Every year we make up thousands of soil blocks . If there’s one tool a urban gardener/ farmers needs is this handy instrument. Not only does it help us with our successive planting efforts, soil blocks save time, space, money – seedlings germinate and grow with no container, NO transplant shock.

I just love sitting out in the warm sunshine, barefoot, with my hands squishing a bunch of moist soil into the soil blocks – plopping out these nicely shaped blocks all ready and waiting for the seedman (Justin) to come along.


A soil blocks is a block of growing medium that has been lightly compressed and shaped by a form. A soil block serves as both a container and the soil for starting and growing seedlings, eliminating the need for plastic pots and trays for transplanted seedlings. Seedlings grown in soil blocks form stronger root systems than those grown in containers due to increased oxygen to the roots and the soil block’s natural tendency to “prune” roots. This creates a substantial advantage when seedlings are transplanted into the field, because plants establish themselves more quickly and, because of lessened root disruption, they are less prone to transplant shock.

The key to making good soil blocks is to use a mix containing the correct proportions of peat, compost, soil, and sand or perlite. A “blocking” mix needs extra fibrous material—peat—to bind the material together and help the block retain moisture. Some commercially available peat-lite mixes may work but often contain wetting agents and/or fertilizers that make it unsuitable for organic use.


A standard 10-quart bucket is the unit of measurement for the bulk ingredients. A standard cup measure is used for the supplementary ingredients. This recipe makes approximately 2 bushels of mix. Follow the steps in the order given.

3 buckets brown peat (standard peat moss, use a premium grade)
½ cup lime. Mix ingredients together thoroughly.
2 buckets coarse sand or perlite
3 cups base fertilizer (equal part mix blood meal, colloidal phosphate, and greensand). Mix.
1 bucket garden soil
2 buckets well-decomposed compost. Mix ingredients together thoroughly.
* From The New Organic Grower, by Eliot Coleman

Moisten the mix thoroughly using one part warm water for every three parts blocking mix. Successful soil block making depends on the mix being wet enough, rather than wet like soil mix in traditional flats. The mix should have the consistency of soft putty or wet cement, so that a small amount of water oozes through small openings in the blocker as the blocks are made, and that the individual soil blocks cling to the blocker without falling out prematurely.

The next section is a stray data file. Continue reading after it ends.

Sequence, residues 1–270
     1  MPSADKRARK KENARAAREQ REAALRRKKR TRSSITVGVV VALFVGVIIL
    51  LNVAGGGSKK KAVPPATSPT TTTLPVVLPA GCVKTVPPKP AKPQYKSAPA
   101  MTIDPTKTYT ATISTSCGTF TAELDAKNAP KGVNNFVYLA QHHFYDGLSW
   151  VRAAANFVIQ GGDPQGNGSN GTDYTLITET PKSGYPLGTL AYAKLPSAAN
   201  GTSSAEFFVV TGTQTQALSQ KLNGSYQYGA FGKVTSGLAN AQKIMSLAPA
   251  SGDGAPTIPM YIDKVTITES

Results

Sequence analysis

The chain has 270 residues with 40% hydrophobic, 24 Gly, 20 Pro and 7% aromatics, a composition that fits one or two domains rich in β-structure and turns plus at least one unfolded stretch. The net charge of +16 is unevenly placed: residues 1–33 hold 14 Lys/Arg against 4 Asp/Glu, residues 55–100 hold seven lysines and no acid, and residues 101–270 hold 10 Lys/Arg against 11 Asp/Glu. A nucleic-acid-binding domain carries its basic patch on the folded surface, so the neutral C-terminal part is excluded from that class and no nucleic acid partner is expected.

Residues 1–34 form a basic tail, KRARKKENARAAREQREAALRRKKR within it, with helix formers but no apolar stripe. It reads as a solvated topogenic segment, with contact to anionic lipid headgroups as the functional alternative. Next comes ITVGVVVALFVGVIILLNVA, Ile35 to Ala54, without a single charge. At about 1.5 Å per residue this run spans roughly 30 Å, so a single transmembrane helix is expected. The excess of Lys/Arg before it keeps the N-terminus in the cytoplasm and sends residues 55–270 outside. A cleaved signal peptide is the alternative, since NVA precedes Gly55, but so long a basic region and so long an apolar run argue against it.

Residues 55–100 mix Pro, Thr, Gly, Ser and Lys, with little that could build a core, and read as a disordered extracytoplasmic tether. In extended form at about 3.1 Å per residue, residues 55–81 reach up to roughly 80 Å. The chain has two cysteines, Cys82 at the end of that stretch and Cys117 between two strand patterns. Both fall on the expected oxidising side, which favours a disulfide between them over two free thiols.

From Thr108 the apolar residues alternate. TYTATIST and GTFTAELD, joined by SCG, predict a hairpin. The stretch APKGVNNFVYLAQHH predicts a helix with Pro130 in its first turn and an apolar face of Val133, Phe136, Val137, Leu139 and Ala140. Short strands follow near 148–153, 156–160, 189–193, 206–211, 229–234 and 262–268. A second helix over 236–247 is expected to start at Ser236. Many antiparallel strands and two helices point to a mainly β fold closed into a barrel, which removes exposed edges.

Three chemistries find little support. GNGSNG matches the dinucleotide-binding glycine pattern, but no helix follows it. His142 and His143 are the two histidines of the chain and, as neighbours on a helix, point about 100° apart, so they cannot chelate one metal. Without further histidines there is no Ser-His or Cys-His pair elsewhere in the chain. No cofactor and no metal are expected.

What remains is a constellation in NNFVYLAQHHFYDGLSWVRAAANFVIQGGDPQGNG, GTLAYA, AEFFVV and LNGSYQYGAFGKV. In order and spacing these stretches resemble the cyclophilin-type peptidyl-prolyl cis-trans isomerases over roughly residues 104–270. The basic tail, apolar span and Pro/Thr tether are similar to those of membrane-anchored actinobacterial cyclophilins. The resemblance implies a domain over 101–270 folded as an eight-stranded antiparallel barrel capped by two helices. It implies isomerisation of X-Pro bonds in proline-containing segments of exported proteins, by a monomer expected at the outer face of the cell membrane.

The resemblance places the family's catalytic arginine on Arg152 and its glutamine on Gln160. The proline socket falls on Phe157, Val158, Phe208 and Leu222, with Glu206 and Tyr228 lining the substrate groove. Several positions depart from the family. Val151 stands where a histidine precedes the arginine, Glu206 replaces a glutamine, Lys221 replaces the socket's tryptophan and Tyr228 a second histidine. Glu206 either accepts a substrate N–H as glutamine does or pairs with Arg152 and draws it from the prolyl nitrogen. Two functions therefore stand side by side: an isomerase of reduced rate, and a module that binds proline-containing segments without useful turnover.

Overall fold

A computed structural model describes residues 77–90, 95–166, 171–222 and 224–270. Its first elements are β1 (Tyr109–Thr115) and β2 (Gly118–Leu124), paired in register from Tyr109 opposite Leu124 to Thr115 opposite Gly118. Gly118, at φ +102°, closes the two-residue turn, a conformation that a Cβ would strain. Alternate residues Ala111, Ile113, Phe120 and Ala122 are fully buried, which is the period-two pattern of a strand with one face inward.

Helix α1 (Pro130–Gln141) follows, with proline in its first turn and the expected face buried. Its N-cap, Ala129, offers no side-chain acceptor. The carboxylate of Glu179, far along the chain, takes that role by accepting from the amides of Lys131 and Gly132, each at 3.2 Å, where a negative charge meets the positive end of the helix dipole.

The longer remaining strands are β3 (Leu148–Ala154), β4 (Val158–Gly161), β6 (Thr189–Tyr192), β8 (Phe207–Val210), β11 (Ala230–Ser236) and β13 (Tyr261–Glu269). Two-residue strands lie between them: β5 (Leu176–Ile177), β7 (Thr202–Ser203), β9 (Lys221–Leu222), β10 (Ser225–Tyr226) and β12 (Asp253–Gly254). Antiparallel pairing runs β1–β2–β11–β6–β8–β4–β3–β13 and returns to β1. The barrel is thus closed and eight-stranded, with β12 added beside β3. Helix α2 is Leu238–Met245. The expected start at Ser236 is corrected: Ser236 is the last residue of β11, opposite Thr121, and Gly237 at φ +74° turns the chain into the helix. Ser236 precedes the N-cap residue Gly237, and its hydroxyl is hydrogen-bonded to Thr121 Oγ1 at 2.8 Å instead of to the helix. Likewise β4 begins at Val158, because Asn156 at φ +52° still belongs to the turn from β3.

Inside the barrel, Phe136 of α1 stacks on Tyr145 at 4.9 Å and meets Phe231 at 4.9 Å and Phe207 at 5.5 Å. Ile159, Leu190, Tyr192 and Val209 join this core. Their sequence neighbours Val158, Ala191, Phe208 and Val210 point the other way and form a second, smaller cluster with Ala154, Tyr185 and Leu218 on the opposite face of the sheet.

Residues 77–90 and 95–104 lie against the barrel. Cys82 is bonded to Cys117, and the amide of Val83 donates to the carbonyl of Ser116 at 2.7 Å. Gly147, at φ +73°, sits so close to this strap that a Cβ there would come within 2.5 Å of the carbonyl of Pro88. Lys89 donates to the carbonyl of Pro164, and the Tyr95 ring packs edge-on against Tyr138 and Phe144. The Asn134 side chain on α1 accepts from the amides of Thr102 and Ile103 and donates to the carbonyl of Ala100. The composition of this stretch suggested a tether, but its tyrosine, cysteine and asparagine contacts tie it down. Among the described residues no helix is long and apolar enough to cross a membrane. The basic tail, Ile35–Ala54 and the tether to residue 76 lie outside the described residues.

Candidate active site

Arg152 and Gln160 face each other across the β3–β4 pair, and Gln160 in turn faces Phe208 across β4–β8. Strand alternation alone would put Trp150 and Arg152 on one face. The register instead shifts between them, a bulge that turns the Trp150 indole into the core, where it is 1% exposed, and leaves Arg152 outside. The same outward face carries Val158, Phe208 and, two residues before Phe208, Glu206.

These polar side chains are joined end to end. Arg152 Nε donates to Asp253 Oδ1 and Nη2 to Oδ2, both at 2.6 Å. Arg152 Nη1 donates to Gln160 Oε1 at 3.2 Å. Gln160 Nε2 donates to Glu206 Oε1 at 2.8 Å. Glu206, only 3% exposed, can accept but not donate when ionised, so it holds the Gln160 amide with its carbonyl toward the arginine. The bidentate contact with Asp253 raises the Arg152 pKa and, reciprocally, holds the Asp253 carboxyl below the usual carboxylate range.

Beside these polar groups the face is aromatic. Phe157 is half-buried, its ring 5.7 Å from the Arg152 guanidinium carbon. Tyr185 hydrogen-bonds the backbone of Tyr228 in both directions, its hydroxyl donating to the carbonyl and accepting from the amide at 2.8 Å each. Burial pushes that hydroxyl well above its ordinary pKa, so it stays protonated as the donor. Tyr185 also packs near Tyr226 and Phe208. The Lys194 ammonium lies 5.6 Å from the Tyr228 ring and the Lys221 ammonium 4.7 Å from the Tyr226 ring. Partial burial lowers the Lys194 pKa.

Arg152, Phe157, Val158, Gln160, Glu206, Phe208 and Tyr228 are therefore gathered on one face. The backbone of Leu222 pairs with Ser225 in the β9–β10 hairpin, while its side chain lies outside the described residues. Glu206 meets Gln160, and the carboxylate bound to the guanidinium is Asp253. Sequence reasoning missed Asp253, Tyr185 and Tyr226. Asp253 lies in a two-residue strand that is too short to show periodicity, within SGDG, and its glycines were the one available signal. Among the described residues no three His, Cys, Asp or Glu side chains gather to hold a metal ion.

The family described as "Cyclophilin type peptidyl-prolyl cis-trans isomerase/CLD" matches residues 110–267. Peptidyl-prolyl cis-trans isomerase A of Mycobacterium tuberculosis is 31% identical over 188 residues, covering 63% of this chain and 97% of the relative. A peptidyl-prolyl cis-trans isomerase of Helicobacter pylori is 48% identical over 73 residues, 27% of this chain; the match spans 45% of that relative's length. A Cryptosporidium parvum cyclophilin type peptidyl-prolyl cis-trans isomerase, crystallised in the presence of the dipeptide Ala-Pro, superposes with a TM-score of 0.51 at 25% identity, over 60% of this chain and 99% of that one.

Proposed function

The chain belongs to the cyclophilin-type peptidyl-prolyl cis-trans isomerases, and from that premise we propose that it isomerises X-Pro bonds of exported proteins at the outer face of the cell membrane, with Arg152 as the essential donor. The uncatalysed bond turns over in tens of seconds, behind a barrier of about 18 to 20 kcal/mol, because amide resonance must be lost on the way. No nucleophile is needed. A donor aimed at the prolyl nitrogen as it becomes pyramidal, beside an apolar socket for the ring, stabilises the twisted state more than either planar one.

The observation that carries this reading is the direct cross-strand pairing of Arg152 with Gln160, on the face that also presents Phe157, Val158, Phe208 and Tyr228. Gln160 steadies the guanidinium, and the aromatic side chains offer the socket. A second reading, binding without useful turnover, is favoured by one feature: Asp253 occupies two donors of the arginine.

Blockers can be used on any flat work surface. Push the prepared soil mix into a mound that is 1¼ to1½ times deeper than the height of the soil blocker. Push the blocker into the mix until it strikes the work surface. Twist the blocker a quarter-turn and lift. Set the blocker where you plan to grow your seedlings such as a wooden or plastic tray, push down on the handle while raising the blocker. Rinse the blocker in warm water before making the next set of blocks. Place the seed into the indentation of each block, and cover according to the culture information on your seed packet. Prevent drying by covering blocks with a plastic dome or a layer of plastic until the seeds have germinated.

Courtesy Johnny’s Seeds

:: Resources ::

YouTube Video of urban farmer Justin using soil blocks to plant tomatoes

Soil Block Maker


  1. Claudia Griffith says:

    This Soil Block post was so helpful! I have always wondered how these worked and what were the benefits. Now I will try them.

  2. Brandi says:

    I bet kids, like my own, would also love making these blocks, Anais!

    This is a really lovely idea, but I wonder if there’s anything besides peat that can be used as fibrous material? Coconut hull fiber? Grass clippings? Aged straw? Leaf mould? I hate using peat because of the rapidly depleting bogs…

  3. Anais says:

    Hello Claudia

    Thanks for the comments, glad you enjoyed the post. I can’t say enough positive things about soil blocks. They really make for successful growing here on the urban homestead.


  4. Anais says:

    Hi Brandi,

    Kids would love it…. I do!

    As for peat moss. There are indeed alternatives.

    Sphagnum peat moss is NOT a threatened resource

    See these these sites for information:

    Canadian Sphagnum Peat Moss and the Environment

    Peat Moss and the Environment — FAQ

    Peat Moss

    Here’s another helpful article:

    Alternatives to using peat moss in the garden

    Hope this has helped answer your questions.


    • Beverly says:

      @Anais, OK, I know I’m writing 3 years after this was posted, but it prompted a google search on peat moss since I know nothing about it. This article seemed balanced and interesting:

      Sounds like using spagnum peat is not the worst thing you could do (we are still growing our own organic food, after all) but still worth thinking about.
      Question: If I’m just starting out with the soil blocks, do you think I could make them by hand? I’d love to buy a blocker some day but it’s just not in the budget at the moment.

  5. Brandi says:

    Thanks for the links, Anais. I’m checking them out now.

  6. Donella Lyonesse says:

    How do you go about making soil blocks, the frames that is, I read this through twice and see no mention of it. I use a square foot garden method of planting and love this idea as I could have the next plants starting while I am finishing up the first crop.